louise-jacksonHarking back to the early days of women’s cricket, it’s fascinating to consider that there was a time when this game had a lesser profile and was far removed from the international exposure witnessed during the latest ICC Women’s World Cup and World T-20 tournaments.

This was very much the case in the 1970s, when players such as opener, Louise Browne-Jackson, were really the pioneers that laid a solid foundation upon which successive generations have built an impressive edifice.

Browne-Jackson made an immediate statement while captaining the West Indies women’s in its first step against Australia, at Jarrett Park in Montego Bay, Jamaica in May 1976. The 24-year old hit her highest test score of 67 as her squad posted a total of 282 and eventually earned as draw. She followed up this effort with a knock of 52 in the second game of the two-match series at Sabina Park in Kingston; another draw. She would again lead her charges in a six-match square-off in India that ended in a 1 – 1 draw, before her final game. a loss to England in Canterbury in June 1979, in which she played under Barbadian Patricia Whittaker, during the West Indies’ first-ever tour of England.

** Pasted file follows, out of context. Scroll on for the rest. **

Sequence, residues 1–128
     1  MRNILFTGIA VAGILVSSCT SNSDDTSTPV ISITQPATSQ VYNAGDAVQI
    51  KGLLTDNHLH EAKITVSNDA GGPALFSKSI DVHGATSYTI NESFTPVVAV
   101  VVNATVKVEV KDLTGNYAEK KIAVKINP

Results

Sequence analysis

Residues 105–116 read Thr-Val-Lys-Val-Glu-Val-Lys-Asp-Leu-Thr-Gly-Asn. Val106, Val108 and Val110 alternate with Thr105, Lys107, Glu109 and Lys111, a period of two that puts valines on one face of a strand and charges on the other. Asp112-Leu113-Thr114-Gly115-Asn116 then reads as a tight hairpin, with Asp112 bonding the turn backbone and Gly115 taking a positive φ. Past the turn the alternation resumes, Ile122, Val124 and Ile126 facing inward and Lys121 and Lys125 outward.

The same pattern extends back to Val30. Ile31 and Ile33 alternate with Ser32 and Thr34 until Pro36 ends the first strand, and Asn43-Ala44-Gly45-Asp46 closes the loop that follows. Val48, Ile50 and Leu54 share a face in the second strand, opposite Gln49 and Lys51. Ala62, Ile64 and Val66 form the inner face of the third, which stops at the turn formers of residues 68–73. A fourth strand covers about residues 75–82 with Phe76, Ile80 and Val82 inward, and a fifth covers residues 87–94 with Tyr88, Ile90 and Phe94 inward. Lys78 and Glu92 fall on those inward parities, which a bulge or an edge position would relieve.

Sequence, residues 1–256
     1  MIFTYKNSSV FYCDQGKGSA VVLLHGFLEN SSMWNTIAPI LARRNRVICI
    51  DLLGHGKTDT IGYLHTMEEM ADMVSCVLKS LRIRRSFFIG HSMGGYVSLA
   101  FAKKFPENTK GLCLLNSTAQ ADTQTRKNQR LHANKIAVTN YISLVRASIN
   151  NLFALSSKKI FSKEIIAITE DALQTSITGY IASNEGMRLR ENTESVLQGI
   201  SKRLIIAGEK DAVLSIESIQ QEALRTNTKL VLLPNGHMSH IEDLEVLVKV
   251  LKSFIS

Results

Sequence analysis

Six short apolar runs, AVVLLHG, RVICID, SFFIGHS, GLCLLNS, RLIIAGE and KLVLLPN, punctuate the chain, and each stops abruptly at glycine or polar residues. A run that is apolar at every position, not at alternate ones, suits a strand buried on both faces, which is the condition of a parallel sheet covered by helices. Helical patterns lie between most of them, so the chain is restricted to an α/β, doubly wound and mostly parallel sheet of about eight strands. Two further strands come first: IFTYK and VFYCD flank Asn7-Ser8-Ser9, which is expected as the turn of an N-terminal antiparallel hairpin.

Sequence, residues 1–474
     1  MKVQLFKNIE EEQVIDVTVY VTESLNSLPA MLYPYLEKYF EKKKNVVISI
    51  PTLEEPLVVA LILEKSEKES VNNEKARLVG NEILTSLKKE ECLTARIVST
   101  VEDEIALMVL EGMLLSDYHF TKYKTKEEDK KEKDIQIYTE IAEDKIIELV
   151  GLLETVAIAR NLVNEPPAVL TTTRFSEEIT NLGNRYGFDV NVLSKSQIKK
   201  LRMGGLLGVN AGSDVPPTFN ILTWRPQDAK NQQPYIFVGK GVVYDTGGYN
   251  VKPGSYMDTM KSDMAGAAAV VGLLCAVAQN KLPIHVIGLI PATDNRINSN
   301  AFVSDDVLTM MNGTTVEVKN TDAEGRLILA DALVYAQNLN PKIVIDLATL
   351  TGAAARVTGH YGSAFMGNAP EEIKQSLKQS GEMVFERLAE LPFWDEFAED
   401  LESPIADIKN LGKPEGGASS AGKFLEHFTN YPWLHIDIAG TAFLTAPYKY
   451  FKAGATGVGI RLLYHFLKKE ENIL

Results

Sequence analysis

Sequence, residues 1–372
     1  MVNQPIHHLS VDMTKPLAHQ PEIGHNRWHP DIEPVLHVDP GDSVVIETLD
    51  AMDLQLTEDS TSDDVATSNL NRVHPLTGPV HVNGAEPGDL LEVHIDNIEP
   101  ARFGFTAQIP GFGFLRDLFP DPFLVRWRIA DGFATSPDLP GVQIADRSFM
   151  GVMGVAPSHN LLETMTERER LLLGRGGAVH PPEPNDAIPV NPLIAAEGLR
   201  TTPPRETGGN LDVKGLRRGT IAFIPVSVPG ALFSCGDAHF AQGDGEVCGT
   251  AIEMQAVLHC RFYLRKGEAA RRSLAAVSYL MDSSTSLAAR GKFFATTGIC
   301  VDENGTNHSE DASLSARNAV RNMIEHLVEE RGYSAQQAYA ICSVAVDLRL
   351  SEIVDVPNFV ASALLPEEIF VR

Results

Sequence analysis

It was in the same country that Browne-Jackson, again as a team captain, had earlier made her one-day international bow Trinidad and Tobago in the 1973 Women’s World Cup where she actually top-scored in its first three fixtures, including an unbeaten 50 against Jamaica at London’s Ealing Cricket Club – her leading ODI performance. In the subsequent game, she led Trinidad and Tobago to a 5-wicket victory over the Young England Women. Six years later, she would make two ODI appearances for Western Indies against England, where she led her team with 45 in the second affair at Shireoaks.

Browne-Jackson continued to be an established figure in local women’s competitions in this country during the following decade and represent Trinidad and Tobago in international cricket up to the mid- 1980s, with two appearances against Ireland in 1985.

Browne-Jackson, whose sisters Ann and Beverly Browne, also played for West Indies, later moved into administration and have served as team manager for USA women. She was actually listed on a six-player reserve sheet for a World Cup qualifying series against Canada in 2010 – at the age of 58.




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